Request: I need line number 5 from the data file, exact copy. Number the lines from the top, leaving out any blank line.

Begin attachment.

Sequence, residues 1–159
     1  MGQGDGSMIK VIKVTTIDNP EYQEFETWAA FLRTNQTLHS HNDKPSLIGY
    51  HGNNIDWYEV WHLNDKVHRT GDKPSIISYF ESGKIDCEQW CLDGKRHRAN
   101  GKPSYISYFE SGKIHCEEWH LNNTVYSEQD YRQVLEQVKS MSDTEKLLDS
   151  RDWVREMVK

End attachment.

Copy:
   151  RDWVREMVK